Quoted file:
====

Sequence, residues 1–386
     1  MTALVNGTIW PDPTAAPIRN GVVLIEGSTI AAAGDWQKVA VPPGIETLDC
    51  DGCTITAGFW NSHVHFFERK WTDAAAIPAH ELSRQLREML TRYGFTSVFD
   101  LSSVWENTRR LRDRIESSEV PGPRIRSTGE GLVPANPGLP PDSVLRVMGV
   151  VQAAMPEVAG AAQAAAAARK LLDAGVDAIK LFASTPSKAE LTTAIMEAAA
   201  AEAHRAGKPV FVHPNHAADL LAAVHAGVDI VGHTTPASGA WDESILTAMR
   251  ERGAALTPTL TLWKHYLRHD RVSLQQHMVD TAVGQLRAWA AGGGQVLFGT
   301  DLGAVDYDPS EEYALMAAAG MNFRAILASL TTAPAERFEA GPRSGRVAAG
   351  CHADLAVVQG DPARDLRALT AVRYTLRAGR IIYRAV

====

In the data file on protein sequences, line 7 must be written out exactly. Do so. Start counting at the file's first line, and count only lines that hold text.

   251  ERGAALTPTL TLWKHYLRHD RVSLQQHMVD TAVGQLRAWA AGGGQVLFGT